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Are They Angels? – November 19th, 2023

Dr. Rob White - November 19, 2023

Are They Angels?

August 5th, 2018
Christ calls us to be patient with the foibles and failures of fellow-Christians, promising that God will send the angels to sort it out at the end of the age.
Scripture Text: Matthew 13:24-30,36-43
A sermon by Rev. Dr. Rob White for Athens ULC Ministries

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In a world filled with challenges and imperfections, the Parable of the Weeds, as discussed in the sermon “Are They Angels?” encourages believers to cultivate patience in the face of diversity and shortcomings. The sermon delves into the profound message conveyed by Jesus through this parable, drawing insights from Matthew 13:24-30 and 13:36-43.

The parable unfolds in a field where good seed is sown, representing those who seek to do God’s will, and weeds are stealthily planted by an enemy under the cover of darkness, symbolizing those who commit evil deeds. When the servants discover the weeds amidst the wheat, they propose to eliminate them, but the wise landowner advises patience, urging them to wait until the harvest. The sermon draws parallels between this narrative and the challenges faced by individuals in navigating a world filled with both virtuous and malevolent influences.

The central theme revolves around the notion that God, represented as the ultimate harvester, will send His angels at the end of the age to distinguish between the righteous and the unrighteous. This divine sorting emphasizes the importance of patience and trust in God’s ultimate plan, even in the face of adversity and wrongdoing.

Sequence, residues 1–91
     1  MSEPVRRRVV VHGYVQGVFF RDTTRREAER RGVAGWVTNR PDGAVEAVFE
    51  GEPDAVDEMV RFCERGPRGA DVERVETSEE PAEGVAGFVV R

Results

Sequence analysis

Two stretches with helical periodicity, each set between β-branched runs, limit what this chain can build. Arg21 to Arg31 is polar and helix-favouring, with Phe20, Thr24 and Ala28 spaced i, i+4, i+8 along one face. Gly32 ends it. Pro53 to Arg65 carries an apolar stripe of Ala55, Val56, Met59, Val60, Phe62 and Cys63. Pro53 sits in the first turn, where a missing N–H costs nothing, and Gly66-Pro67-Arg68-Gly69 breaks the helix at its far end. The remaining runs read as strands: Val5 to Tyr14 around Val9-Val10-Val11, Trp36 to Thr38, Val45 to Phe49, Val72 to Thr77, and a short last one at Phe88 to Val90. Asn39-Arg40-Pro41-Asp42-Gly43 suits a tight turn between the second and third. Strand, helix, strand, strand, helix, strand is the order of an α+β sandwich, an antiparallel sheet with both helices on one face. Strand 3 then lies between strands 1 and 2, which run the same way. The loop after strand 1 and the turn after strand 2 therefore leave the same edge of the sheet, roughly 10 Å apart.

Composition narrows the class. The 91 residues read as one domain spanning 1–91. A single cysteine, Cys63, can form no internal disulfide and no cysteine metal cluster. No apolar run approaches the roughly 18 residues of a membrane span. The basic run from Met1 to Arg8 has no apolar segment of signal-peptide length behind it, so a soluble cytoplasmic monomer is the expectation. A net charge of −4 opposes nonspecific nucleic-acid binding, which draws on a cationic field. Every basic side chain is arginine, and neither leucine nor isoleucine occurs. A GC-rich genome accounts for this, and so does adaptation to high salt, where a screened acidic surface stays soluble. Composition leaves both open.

The speaker emphasizes the relatable human tendency to focus on the faults of others, akin to pulling out weeds prematurely, risking damage to the “wheat” – those striving to follow God’s will. Drawing on personal anecdotes and relatable examples, the sermon stresses the importance of self-reflection and the acknowledgment that everyone is a work in progress. The analogy of using Roundup to eliminate weeds underscores the challenge of distinguishing between the undesirable and the potentially fruitful.

The sermon extends beyond the church setting, offering practical applications for daily life. It urges believers not to impose rigid standards on others but to focus on personal growth, emphasizing that trying to enforce uniformity in beliefs can hinder the ability to bear fruit for God. The concept of a harvest time approaching serves as a reminder that everyone will be held accountable for their actions, distinguishing between those who lived according to God’s teachings and those who pursued worthless pursuits.

The Parable of the Weeds, the speaker contends, encourages a patient and understanding approach within the church and in all relationships. While recognizing the necessity of addressing serious issues, the sermon promotes a balanced perspective that fosters love over criticism. The blog post concludes with thought-provoking questions, challenging readers to reflect on whether they are “wheat” or “weed” and encouraging them to focus on bearing fruit, loving God, and expressing love to others in the anticipation of the impending harvest.

In a world where the weeds of negativity and impatience often threaten to overshadow the wheat of goodness and growth, this blog post serves as a reminder to embrace the Parable of the Weeds and cultivate patience, trust, and love in the journey of faith.

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